Eating out in Marrakesh is, to use that overworked term, an experience. Without exaggeration it is an enriching, fulfilling and a gastronomic one. Marrakesh is a bustling, energetic and colourful living thing at any time of day. Textiles, mosaic tiles, heaped spices and other goods in the souks in the massive-walled Medina or the stalls around Jamâa el Fna make it a riot of colour.
However, it takes the evening and night to really bring out Marrakesh’s personality. As the sunset paints, the walls and glass windows of the houses and the minarets, a brilliant orange, the smoke from sizzling kababs and the stoves of the food stalls waft up into the evening air. This is when another sensory pleasure drifts through Marrakesh. It is the fragrance of cumin, saffron, harissa (red pepper sauce), and other spices rising from sizzling lamb chops, koftes and steaming piles of food. The aroma is really something to experience.
Marrakesh is the best place to get your belly full of North African cuisine. You can get it at either the relatively new, upmarket and pricy restaurants of the Guéliz or other outlying areas of the city. These restaurants also serve a combination of French, Italian and Moroccan cuisines. While there are many restaurants scattered around the city, they are not the favoured choice of Moroccans – yet.
The joy comes from eating at the food stalls and side walk restaurants of the centuries-old Medina, the crossroads of trade and culture in North Africa. Here the eating places and the food are local and traditional. They are inexpensive and really satisfying. The feasting generally begins around 9 or 9:30pm.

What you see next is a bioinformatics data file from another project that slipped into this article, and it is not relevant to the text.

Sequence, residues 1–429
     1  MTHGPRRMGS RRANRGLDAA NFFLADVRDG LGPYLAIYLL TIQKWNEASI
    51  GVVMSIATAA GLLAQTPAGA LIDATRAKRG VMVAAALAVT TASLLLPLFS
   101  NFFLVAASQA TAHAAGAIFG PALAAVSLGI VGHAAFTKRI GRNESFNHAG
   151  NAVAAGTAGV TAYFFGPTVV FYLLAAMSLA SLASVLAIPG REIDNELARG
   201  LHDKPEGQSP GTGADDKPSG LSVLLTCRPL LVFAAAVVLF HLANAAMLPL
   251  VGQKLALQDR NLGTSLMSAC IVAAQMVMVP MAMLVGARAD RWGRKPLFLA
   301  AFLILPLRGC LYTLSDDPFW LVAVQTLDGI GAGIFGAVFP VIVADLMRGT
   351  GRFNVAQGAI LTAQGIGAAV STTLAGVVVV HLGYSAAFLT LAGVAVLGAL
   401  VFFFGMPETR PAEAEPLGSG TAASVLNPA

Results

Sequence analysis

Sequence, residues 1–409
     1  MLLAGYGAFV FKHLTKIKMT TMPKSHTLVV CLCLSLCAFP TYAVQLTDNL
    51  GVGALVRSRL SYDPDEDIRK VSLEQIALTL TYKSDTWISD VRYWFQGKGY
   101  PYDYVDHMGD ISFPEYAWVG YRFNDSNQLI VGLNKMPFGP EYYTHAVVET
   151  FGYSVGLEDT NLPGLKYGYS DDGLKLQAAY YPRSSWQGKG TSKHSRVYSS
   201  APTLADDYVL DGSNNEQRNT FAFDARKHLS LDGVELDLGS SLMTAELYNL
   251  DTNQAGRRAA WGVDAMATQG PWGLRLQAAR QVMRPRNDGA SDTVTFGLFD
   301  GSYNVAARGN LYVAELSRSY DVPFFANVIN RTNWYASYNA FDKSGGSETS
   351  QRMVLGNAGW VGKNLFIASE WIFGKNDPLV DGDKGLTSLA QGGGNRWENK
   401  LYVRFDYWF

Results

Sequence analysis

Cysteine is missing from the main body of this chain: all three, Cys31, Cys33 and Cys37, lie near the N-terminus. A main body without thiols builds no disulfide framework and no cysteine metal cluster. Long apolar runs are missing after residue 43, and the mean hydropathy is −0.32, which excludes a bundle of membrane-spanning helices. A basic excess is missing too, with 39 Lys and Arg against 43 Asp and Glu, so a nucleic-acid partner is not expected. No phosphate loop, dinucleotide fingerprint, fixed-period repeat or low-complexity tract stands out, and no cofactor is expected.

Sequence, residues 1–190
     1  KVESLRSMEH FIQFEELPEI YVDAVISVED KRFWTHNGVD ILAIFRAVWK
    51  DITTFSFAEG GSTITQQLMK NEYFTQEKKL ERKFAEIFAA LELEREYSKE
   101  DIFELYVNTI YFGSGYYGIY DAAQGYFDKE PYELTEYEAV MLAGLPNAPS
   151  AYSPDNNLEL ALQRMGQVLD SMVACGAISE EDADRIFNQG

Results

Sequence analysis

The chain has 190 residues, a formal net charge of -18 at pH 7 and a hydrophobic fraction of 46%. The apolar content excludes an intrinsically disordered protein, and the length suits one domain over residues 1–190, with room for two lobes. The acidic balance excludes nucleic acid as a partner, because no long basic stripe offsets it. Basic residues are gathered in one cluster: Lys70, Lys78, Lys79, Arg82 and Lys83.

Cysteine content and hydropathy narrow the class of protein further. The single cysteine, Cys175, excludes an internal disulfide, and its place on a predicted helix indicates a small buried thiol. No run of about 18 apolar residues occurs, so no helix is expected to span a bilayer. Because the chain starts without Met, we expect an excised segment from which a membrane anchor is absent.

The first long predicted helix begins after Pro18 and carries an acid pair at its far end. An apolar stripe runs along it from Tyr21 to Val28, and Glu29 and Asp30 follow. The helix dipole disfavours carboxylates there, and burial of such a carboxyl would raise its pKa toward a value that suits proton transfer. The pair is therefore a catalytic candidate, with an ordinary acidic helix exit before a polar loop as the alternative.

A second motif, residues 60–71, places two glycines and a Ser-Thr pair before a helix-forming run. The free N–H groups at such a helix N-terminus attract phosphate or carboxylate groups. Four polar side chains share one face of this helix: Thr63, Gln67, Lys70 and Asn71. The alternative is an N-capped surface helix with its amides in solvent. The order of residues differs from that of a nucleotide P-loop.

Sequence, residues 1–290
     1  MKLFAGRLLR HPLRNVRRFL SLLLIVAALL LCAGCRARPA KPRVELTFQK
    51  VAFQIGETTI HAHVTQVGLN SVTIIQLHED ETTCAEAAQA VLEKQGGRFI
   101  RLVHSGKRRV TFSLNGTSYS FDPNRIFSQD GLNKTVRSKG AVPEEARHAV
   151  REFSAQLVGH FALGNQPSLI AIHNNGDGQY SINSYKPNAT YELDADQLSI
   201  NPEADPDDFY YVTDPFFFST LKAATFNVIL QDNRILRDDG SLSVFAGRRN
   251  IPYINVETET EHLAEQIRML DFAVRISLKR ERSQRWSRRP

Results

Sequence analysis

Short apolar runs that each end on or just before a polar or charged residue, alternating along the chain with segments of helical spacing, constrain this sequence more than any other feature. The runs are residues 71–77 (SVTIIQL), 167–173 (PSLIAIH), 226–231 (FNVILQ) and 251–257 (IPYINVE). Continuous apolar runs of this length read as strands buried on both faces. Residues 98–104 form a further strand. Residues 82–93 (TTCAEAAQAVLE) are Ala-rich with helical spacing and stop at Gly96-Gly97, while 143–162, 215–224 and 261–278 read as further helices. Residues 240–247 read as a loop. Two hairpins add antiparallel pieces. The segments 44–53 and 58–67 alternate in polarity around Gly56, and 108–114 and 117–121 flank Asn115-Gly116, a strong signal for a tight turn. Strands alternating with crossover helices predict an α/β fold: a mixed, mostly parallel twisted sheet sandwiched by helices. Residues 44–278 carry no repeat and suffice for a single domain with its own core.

You can choose to eat under the white canopies of the numbered food stalls set up in the huge Jamâa el Fna square. You could pick from one of a number of movie set hole-in-the-wall eateries in the narrow, winding alleys with plenty of atmosphere. Then there are the traditional riad Marrakesh restaurants.
Whatever you choose, you can gorge on hot, steaming mechoui (slow roasted lamb) using your fingers (the best and probably only way to eat Moroccan food). Burp (it’s alright) as you scrape your plate clean with a piece of warm bread.
To give you an idea, here is a brief list of the delicacies on offer: tangia (lamb or beef slow-cooked in an earthenware pot and left in hot ashes for the whole day); succulent merguez sausages; minced lamb koftes; beef brochettes; flash-charred lamb chops, skewers of liver or brains; incredibly tender teyhan (spleen) kebabs and pigeon bstilla (pie). Of course you must have the taktuka, a garlick, tomato-and-green-pepper relish to go with your meats. There are more, believe me.
Lest you think that Moroccan food is only for carnivores, here are a few veggie treats. Mountains of classic couscous dishes and traditional Berber-style barley pellets with the more familiar durum wheat that is light and fluffy as snowflakes. Another Berber dish is the Bisarra which is a wholesome white bean soup said to have restorative properties. The dessert pastille is made with apples and saffron while there are wide selections of fresh juices. The most dominant are oranges.
Even if you are not a foodie you will be deeply satisfied. Rest assured that when you leave Marrakesh, you will be carrying more weight than when you came and an expanded waistline.